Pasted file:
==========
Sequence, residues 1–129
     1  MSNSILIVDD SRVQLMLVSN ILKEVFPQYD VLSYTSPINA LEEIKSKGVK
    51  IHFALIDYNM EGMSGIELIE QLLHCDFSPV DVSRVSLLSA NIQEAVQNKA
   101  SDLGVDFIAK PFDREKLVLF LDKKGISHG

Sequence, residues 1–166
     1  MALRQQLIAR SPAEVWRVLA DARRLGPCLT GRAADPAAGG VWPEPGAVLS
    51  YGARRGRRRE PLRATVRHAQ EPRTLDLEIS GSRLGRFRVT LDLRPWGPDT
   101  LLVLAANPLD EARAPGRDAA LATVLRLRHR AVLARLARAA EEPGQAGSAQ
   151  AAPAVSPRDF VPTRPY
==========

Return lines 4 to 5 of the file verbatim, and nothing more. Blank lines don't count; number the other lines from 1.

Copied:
   101  SDLGVDFIAK PFDREKLVLF LDKKGISHG

Sequence, residues 1–166